Severe Air Pollution in New York: “So Scary You Can’t Go Anywhere, It’s Everywhere” |  outside

Severe Air Pollution in New York: “So Scary You Can’t Go Anywhere, It’s Everywhere” | outside

with videoUnprecedented images of New York where the famous skyline for days could barely be seen through a haze of smoke. Hundreds of wildfires in Canada cause severe air pollution, meaning millions of residents can hardly leave home. The consequences can be felt in Norway. Will this happen often?

Sani Shalvot

Last updated:

First, the good news: Air quality has improved in part of the affected area along the US East Coast. New York was the most air-polluted city in the world for two days, but it will soon drop in that ranking now that air quality is rated “moderate” instead of “hazardous.” US meteorologists expect the Northeast to improve further this weekend, and pollution should be fine through Tuesday.

“Fortunately, because the last few days have been horrible,” says Jacob Bursema of New York on Friday. The Dutchman lives with his wife and two children in the heart of the capital (Manhattan) and lived the past week as surreal. “The city is as discolored as it was. At first it was dark brown and at worst dark orange. It’s like there’s a filter over New York. Now things are going a little better, but we’re still trying to go out as little as possible. How does the city smell? BBQ A pungent scent permeates everything.”

Air pollution in New York from wildfires in Canada. © AFP

An area the size of the Netherlands

The cause of the problems is the huge forest fires that neighboring Canada has been battling for a month. About 4.1 million hectares went to ash, an area the size of the Netherlands. In the hard-hit province of Quebec in the east of the country, the winds are now down. It is expected to rain on Monday evening.

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Wildfires are most common in Canada and usually rage between May and October. Only: the location is eye-catching this time around. Forest fires usually occur in the drier and warmer parts of the country’s west. In addition, fires are usually not early and severe.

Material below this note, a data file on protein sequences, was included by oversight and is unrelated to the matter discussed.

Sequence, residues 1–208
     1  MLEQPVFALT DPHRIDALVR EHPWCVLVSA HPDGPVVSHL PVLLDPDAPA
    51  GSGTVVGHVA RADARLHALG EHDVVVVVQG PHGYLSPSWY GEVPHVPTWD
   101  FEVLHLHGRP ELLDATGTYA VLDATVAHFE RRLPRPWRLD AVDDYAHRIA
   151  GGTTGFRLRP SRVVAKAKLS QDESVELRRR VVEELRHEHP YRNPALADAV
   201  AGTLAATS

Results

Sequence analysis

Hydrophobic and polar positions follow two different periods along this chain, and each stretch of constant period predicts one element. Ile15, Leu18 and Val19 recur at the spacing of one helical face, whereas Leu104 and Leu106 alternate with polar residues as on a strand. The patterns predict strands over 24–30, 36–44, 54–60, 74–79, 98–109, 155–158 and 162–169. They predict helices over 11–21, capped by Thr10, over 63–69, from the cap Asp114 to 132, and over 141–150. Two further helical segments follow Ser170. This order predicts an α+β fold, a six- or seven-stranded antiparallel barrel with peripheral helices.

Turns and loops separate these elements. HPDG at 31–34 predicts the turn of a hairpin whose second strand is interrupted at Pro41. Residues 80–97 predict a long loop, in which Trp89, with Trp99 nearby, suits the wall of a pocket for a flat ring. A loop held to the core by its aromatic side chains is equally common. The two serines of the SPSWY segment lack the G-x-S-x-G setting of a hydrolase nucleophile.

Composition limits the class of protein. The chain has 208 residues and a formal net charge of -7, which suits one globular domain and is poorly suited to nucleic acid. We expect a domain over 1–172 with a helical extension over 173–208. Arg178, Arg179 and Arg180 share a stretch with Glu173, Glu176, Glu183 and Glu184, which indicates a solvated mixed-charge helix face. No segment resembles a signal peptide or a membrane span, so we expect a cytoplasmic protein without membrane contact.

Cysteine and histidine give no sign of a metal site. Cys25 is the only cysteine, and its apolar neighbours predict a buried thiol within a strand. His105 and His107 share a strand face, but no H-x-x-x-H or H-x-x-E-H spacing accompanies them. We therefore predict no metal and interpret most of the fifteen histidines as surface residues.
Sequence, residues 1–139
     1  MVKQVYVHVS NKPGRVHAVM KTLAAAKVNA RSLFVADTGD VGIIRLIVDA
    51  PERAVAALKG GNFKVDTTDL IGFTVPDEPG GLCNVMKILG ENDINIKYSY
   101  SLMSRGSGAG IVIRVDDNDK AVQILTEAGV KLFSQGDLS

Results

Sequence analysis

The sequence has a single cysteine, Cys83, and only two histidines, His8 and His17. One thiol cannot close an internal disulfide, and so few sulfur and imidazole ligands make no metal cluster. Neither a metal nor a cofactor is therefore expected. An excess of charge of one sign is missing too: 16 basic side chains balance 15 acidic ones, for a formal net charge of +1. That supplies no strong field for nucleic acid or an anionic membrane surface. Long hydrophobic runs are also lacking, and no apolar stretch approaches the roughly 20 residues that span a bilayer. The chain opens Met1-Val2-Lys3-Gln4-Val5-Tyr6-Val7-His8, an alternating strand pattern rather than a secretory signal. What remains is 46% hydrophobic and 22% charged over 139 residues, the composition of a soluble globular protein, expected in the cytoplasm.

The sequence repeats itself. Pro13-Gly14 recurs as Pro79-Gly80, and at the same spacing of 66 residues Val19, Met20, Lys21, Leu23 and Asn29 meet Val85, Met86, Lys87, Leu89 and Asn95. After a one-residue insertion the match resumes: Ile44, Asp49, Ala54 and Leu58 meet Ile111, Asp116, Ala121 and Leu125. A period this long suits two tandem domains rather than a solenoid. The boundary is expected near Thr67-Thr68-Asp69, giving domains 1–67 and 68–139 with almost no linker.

“It is difficult to predict whether these types of large fires will break out more often in this part of Canada. What we are seeing is that because of global warming, moisture evaporates faster and the risk of drought and wildfires increases. The contrast between wet and dry areas is increasing,” he explains. Climate expert Peter Siegmund of KNMI.

The situation we are going through now shows that climate change affects not only melting glaciers and polar bears

Francesca Dominici, climate expert at Harvard University

It appears that extreme rainfall and droughts as a result of climate change are now affecting eastern Canada as well. Earlier this year, exceptionally vicious bushfires in the western province of Alberta forced some 30,000 people from their homes.

The current fires can even be smelled across the ocean: in Norway. Norwegian researchers told CNN that plumes of smoke have blown from Canada over Greenland and Iceland into Norway in recent days. Norwegians can smell it and perceive it as a fine haze. “But the smoke has traveled so many kilometers that it is now very light.”

mouth caps

In addition to carbon dioxide, fires also release many substances into the air that are harmful to human health, such as soot particles and hydrocarbons. Many Americans and Canadians wear face masks to protect themselves, but according to Francesca Domenici, a climate expert at Harvard University, that’s not enough to prevent hospitalization. “This level of air pollution in New York is not normal, we have never seen it here before. This is very dangerous for people with respiratory problems. The situation we are going through now shows that climate change does not only affect melting glaciers and polar bears.” “We are faced with the fact that we can no longer breathe clean air,” Dominic said in the British newspaper. Watchman.

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She hopes that the impact of air pollution will lead to additional measures against climate change. The New Yorker Bursima is also hoping for the latter. My 5 year old son asked me what was going on, why he couldn’t play outside. I explained to him that we all had to treat the Earth better, otherwise we would have to deal with this a lot. The thought that they have nowhere to go, and pollution is everywhere, is what I find most frightening. Hence we are lucky that we don’t have to go out much. Most New Yorkers don’t have that luxury, having to go out to work or live in a tiny apartment with no AC.

Last month, wildfires raged in western Canada (Alberta).
Last month, wildfires raged in western Canada (Alberta). ©AP

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